Judge Patrick Naugle is wasting away to nothing.
All the comedy, half the calories.
The Starving Games is a parody of the hit film series The Hunger Games. That is literally all you need to know and all I care to write about the "plot" (hint: there is none) of this celluloid; I refuse to give it enough credit to call it a movie.
Jason Friedberg and Aaron Seltzer. Those two names should send shivers down the spine of laughter lovers everywhere. They are to comedy what spontaneous, bowel shaking diarrhea is to a cozy lakeside picnic. I have had the displeasure of seeing many of the duo's films, including Meet the Spartans, Date Movie, and Vampires Suck, all of which were beyond unfunny. Critics have reviled them and, as each film has been released in theaters, audiences smartened up and began abandoning them until their films began popping up as direct-to-DVD bombs.
Like everything Friedberg/Seltzer touches, The Starving Games is grossly DOA.
There are many, many, many, many, many, many, many, many, many, many (small breath) MANY reasons why The Starving Games doesn't work. The most important is that the film is jam packed with random pop culture references, not jokes. Friedberg and Seltzer think that you'll laugh just because they referenced a famous movie character or scene (or often, just the movie trailer). So, instead of setting up a joke and adding a punch line, the filmmakers just throw a reference to Harry Potter or Transformers at the screen in a desperate hope that you'll be amused. To Friedberg and Seltzer, it's funny because Hey look! You recognize the thing we're referencing! Here's another reference you'll recognize without doing anything funny with it! Silliness without an ounce of context is comedy in a vacuum.
Sadder still is the fact that the things Friedberg and Seltzer are parodying aren't iconic or important, but often pop culture flash-in-the-pans that will be long forgotten by the time the decade closes out. The song "Party Rock" by LMFAO. The TV show Big Brother. The Annoying Orange. While there are references to more popular, long lasting touchstones, the filmmakers seem to be years behind the curve. It's 2014 and they're just getting around to an Avatar reference? That was five years ago! Do they not realize that Oz The Great and Powerful isn't on the forefront of anyone's mind anymore? And don't even get me started on Honey Boo Boo and Chuck Norris. Note to the filmmakers: If you aren't going to be funny, at least try to be timely. They can't even get that right.
The actors are all forgettable; it's impossible to watch and not wonder, "Why in the name of everything that's holy did they agree to star in this movie?" Maiara Walsh (Mean Girls 2) is the main lead Kantmiss (haha…get it? it's a twist on the name "Katniss"!), and while she has some of Jennifer Lawrence's mannerisms, she has none of her spunk, talent, nor charisma. The Drew Carey Show's Diedrich Bader plays the Donald Sutherland role, which tells you how terrible they cast this movie. There may have been other D-list celebrities who popped up, but I honestly don't remember nor do I really care. Watching The Starving Games is like witnessing an outtake reel of the struggling improv actors who couldn't get a spot on the Second City main stage.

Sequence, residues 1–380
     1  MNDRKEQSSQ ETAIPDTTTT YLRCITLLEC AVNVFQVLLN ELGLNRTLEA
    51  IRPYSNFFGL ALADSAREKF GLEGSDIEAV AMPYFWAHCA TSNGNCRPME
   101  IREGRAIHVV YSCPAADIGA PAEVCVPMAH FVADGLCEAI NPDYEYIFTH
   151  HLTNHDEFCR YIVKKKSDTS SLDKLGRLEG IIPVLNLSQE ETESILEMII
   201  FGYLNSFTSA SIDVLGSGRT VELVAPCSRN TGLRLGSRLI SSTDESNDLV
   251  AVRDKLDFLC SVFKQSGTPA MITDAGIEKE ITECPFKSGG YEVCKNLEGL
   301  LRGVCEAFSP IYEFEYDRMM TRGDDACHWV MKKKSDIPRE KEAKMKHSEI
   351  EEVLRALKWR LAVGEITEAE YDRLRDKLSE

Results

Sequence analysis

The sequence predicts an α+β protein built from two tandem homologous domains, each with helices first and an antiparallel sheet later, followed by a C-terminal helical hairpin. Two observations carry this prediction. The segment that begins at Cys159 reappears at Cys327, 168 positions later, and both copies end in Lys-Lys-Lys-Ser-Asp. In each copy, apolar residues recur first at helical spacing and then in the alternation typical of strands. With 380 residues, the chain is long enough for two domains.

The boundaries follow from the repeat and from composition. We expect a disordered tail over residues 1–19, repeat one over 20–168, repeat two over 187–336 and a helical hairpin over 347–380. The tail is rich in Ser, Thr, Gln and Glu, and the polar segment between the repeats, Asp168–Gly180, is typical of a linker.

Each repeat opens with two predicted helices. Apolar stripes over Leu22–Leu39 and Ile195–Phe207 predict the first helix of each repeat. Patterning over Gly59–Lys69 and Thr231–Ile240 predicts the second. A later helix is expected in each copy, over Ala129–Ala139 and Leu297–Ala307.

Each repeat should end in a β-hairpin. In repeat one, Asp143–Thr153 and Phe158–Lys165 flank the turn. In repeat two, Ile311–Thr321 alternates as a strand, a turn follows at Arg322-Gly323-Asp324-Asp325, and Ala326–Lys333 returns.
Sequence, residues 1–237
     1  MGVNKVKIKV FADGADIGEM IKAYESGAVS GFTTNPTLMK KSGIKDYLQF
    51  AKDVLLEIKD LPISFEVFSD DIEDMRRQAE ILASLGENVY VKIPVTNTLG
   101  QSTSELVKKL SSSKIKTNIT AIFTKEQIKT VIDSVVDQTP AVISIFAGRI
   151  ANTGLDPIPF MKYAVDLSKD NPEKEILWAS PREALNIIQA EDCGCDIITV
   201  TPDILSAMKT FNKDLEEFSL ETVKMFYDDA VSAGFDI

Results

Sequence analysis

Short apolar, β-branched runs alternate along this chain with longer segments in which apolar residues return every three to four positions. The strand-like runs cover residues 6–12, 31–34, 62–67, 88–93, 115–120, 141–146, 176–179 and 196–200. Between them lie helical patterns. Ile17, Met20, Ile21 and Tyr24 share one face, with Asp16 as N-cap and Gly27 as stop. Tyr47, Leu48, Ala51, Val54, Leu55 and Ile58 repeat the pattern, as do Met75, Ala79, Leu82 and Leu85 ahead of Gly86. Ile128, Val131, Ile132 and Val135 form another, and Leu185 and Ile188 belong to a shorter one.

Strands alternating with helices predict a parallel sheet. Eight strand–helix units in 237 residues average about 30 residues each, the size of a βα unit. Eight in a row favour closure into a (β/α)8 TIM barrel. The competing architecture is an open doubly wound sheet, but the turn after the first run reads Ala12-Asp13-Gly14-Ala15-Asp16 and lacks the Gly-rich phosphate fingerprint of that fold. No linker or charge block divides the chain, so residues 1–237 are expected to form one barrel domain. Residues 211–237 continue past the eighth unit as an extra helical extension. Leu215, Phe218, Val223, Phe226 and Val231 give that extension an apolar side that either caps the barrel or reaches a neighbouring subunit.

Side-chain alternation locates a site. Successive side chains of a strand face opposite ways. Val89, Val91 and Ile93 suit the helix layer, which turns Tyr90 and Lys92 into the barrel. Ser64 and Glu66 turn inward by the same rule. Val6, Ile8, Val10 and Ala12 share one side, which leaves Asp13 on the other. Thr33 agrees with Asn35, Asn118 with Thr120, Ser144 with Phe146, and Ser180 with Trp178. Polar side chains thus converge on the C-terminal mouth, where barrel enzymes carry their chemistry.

The Starving Games is presented in 1.85:1 widescreen. The transfer looks sufficiently colorful and clear, without any major defects or instances of dirt or other imperfections. Honestly, the movie is so bad that even if this transfer was in 3D and the characters could sit in your lap, I couldn't have cared less. The soundtrack is presented in a decently engaging Dolby Digital 5.1 Surround in English. The track features some surround sounds and directional effects, but generally speaking it's a mostly front heavy audio mix. Also included on this disc is a Dolby Digital 2.0 track, as well as English subtitles.
Bonus features include a thankfully short making-of featurette and the film's theatrical trailer.
I try not to quote other film critics, but it's hard not to channel the late, great Roger Ebert when I say I hated, hated, hated, HATED this movie. It's not funny. It's not cute. It's not amusing. It's not clever, interesting, original, well constructed, or relevant. This is disposable entertainment that passed its expiration even before its release date rolled around. Once upon a time, when life seemed so much sweeter, filmmakers actually tried to make parodies that got you laughing (check out any Zucker Brothers movie for proof). There was real effort put into clever jokes and sharp, pointed wit. I cannot sufficiently convey how abysmally bad The Starving Games is. Avoid this movie at all costs.
This is the absolute worst movie of the year, and it's only the end of
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Scales of Justice
Studio: Ketchup Entertainment
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